Source – Today

Dish Network vs. DirecTV – Who’s Really Cheaper? You Decide

We have seen the commercials from both Dish Network and DirecTV, both claiming they are cheaper than each other. The only thing they both can agree upon is that anything is better than cable. No offense cable users, but I have tried cable TV on and off for more years than I care to recall, and I have never been satisfied with the service nor the pricing. Just my two cents.

But is Dish Network or DirecTV really cheaper as they both claim? I personally doubted the claims of either company and here is the reason why. Each of us have different requirements for our homes. The options from both companies make comparisons difficult, because each uses different types of equipment.

Example. I have Dish Network using an HD-DVR set top box that works for two televisions. For DirecTV you would need one HD-DVR box for one TV and another HD receiver for a second TV.  DirecTV states with this setup you can then watch recorded programs from either TV. But, with two boxes, you have to pay an additional $5 for the second box. Does this matter? Nope, not at all.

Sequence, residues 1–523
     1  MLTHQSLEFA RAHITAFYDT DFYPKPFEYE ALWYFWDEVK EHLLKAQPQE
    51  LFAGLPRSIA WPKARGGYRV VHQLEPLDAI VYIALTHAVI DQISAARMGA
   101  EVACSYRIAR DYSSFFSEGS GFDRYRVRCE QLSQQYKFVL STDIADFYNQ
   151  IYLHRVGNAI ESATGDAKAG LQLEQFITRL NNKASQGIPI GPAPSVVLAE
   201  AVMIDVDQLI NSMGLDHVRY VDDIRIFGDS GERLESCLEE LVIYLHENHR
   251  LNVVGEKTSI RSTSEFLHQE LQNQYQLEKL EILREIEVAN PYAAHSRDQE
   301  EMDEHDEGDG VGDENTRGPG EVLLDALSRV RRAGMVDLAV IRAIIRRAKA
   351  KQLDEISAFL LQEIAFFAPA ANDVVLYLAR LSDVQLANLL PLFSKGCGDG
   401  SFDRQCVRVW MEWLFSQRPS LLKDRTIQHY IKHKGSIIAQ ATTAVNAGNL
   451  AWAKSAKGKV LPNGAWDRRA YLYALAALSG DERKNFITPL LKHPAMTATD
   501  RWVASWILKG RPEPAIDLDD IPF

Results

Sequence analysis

Once you compare the two services, pricing is fairly close. I used my current system and tried to duplicate the same with setup using DirecTV. As I previously mentioned, I have both DVR and HD service, I have the 250 channel setup [don’t ask – LOL], the HD Premium service, and local HD channels. Last month my bill was $71.60.

I went over to DirecTV and tried to match a similar package and came up with a price of $70.88. Like I said, the pricing is very close. One must also remember that the pricing for DirecTV was for new customers only.

But as of six months ago, I was paying $91.60 a month. So I called Dish and said I wanted to cancel because I could save $20 a month going with DirecTV. The nice folks at Dish decided that since I was such a wonderful human being, that they would knock off $20 a month to keep me as a happy customer.